Abu Dhabi, UAEMonday 28 September 2020

Fashion notes: When is menswear not menswear?

We seem to be landed with utilitarian chic: menswear worn as womenswear – all while appearing wonderfully feminine, of course. Here's how to get it right.
This season Marc Jacobs transformed military looks into soft dresses with utilitarian pockets and camouflage. Getty Images
This season Marc Jacobs transformed military looks into soft dresses with utilitarian pockets and camouflage. Getty Images

Despite the promise of investment buys being, well, an investment, fashion loves to keep us on our toes – encouraging us to experiment (and spend more), season after season. Last season saw us dining out on feminine allure – pussy-bow blouses and knee-length skirts that promote a certain swagger.

Just when we’d managed to get that down to an art, we’re landed with “utilitarian chic”. Confused? Think of menswear worn as womenswear – all while appearing wonderfully feminine, mind you. An ­androgynous militant style isn’t an entirely new thing. Nothing is; it’s simply yet another part of the cycle. We did it in the 1990s with grunge, if you can remember that far back, with designers such as Martin Margiela and Rei Kawakubo of Comme des Garçons mastering the art beautifully.

But there are always ways to push a trend further, times when a micro trend begins to gather momentum – perhaps indicative that we’re moving beyond symbolising a wearer’s identity by his or her clothing choices.

Most recently, we witnessed a definite nod to uniform. From cargo pockets to army green, the runways showed a multitude of ways of making something masculine, feminine, durable and luxurious.

Always with his finger on the pulse, Marc Jacobs managed to execute the balance perfectly, transforming military looks into soft dresses with utilitarian pockets and camouflage.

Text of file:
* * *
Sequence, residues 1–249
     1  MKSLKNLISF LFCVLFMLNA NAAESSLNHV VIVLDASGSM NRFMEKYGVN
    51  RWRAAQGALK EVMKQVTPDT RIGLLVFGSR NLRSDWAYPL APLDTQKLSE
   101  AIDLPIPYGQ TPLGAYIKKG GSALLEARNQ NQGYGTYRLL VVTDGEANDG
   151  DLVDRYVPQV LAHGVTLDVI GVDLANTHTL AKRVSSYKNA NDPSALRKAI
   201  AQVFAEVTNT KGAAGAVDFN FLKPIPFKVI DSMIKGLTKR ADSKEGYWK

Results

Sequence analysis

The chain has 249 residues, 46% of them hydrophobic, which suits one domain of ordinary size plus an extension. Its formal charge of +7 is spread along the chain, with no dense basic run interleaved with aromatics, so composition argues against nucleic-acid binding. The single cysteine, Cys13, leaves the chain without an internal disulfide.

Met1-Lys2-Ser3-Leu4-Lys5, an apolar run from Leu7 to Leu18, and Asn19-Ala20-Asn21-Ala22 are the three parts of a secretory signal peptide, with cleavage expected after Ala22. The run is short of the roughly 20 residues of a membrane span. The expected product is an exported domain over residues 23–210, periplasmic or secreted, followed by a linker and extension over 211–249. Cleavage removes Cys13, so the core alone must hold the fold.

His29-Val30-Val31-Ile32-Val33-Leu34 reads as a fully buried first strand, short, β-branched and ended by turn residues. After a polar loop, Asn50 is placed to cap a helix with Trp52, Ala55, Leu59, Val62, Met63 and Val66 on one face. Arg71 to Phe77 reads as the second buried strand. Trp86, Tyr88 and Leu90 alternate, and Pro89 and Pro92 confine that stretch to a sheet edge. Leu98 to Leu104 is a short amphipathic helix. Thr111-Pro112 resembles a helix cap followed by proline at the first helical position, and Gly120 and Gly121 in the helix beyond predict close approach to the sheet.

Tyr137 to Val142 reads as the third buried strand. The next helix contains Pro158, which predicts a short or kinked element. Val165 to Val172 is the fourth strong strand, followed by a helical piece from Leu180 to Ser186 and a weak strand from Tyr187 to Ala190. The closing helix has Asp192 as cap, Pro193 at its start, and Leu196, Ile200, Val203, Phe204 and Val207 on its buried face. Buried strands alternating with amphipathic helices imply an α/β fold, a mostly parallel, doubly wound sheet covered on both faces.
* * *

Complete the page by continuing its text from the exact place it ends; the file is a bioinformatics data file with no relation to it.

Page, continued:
The normally romantic Ralph Lauren followed suit, looking to the military girl and adventure gear for influence, with desert khakis and large utilitarian inspired pockets, softened with feminine skirts and loose-­fitting trousers. A normally masculine classic, the safari jacket was transformed into a semi-sheer affair, feminised further by the glinting jewels dripping from the models’ necks and ears.

Victoria Beckham’s line-up featured stand-out buttons, visible shirt pockets and strong, tailored silhouettes, while the king of utilitarian sportswear Jason Wu, borrowed boxy shapes and heavy belts from the boys.

But how do we wear it without sacrificing our femininity? Because most of us, despite our love of experimenting with the avant- garde, don’t exactly strive to look like men.

Certainly, when it comes to a trend that asks us to change the basic silhouette suited to our form, there need to be a few clear perimeters set in stone.

It may not be news to you, but men are shaped entirely different from women; the very reason that we have two completely distinct collections in the first place. What we have to understand is that what we’re working with is menswear that, in this case, is designed for bodies it isn’t usually proportionate on – so remember to balance out the form.

For an oversized boxy jacket, aim for a slim trouser or skirt. The same goes for accessorising – add feminine touches, such as elaborate visible jewellery, or lighter fabrics, such as silk and chiffon to heavier separates.

Think of things as a fluid state of affairs – it’s not as straightforward as slinging on a pair of khaki slacks and an oversized jacket, as you’ll end up looking like someone else; a kind of unisex pin-up, only to be understood by the highly ­fashion-literate.

theweekend@thenational.ae

Updated: January 22, 2015 04:00 AM

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